Banks have two weeks for housing plan

Three major banks have another two weeks to come up with housing development plans for people with an income of between R3 500 and R10 000 a month, so that homes can be built on 42 hectares of land recently earmarked in the city.

Absa Bank, Standard Bank and Nedbank will have to vie to build in the designated areas in Wallacedene, Maitland, Rugby, Ottery, Westlake, Southfield and Langa.

This week, the City of Cape Town gave notice in the press that it was alienating the land and invited comments before October 27.

The city had earlier said it wanted at least 1 800 units built on the earmarked land as a step to reducing its housing backlog of 400 000.

Basil Davidson, of the city's Land Acquisition and Alienation Department, said the proposals by the three banks would be evaluated on what the banks were prepared to pay the city for the land, as well as the type of housing development the banks planned to construct.

Davidson said a show village for potential residents to get a feel of the proposed housing developments was also planned.

"We are really trying to use this initiative to deliver as much as we can in that market," he said.

Davidson's research shows that those backyard dwellers who do have an income earn between R500 and R1 000 a month.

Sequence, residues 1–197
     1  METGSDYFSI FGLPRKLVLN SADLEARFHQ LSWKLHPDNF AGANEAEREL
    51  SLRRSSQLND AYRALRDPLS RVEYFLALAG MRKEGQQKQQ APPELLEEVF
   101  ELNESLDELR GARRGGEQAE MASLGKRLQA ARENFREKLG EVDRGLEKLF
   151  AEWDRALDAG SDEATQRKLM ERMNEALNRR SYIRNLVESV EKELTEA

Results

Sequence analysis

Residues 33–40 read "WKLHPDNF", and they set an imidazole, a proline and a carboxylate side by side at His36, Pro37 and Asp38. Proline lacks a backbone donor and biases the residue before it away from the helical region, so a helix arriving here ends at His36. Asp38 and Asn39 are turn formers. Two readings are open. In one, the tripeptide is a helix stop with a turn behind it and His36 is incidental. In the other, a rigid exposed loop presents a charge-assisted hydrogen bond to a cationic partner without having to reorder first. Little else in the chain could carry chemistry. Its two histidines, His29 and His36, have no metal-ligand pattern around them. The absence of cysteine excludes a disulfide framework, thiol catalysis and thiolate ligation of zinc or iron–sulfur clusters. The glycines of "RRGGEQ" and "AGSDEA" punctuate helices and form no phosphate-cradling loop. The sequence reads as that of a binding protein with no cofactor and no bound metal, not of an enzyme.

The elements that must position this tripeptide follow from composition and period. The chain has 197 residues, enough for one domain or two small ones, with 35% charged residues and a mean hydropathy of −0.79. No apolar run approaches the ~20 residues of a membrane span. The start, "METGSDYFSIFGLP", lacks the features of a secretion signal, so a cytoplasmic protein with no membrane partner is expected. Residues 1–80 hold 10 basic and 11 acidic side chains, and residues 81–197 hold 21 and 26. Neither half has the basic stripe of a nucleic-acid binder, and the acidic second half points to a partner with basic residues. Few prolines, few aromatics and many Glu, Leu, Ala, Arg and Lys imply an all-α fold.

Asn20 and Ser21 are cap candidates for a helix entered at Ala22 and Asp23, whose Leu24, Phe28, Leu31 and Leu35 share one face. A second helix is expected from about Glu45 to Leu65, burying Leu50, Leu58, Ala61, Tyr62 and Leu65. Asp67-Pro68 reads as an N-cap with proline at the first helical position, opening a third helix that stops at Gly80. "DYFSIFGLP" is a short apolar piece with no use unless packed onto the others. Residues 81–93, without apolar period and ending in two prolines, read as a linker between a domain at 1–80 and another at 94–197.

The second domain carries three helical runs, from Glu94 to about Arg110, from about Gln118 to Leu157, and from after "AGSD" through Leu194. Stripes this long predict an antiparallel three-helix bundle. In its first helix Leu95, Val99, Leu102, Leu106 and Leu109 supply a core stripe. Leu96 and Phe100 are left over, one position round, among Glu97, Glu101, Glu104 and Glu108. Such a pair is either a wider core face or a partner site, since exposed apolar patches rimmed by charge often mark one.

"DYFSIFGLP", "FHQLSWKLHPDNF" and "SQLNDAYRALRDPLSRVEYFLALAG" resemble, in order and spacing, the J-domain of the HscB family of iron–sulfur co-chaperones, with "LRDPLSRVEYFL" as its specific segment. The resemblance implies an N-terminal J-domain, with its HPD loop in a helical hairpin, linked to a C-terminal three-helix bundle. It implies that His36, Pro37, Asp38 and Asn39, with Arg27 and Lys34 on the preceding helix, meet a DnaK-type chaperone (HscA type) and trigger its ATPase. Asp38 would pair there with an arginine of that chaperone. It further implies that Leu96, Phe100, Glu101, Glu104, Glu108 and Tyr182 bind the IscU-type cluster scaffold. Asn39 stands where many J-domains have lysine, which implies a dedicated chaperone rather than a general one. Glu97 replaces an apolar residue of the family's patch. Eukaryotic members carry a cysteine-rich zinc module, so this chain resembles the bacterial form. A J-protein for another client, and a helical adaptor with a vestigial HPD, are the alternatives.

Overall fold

Many of them should be able to service a loan and acquire their own property at some stage, he said.

Davidson said the city was committed to making land available to help people in this income bracket get a house through the city's partnership with the three banks.

The partnership was signed in May.

People who earn between R3 500 and R7 500 will qualify for a subsidy deposit from the government - about 50 percent of the deposit that would be required to buy a house.

It is estimated that 165 000 people in the city fall into the gap and affordable housing markets.

Davidson said the home loan packages could include set-up loans where the interest rate was increased over the duration of the loan period - a system where equity on the housing unit was shared between the owner and the financial institution - or the reduction of legal and registration fees.

Article by: Linsday Dentlinger - www.iol.co.za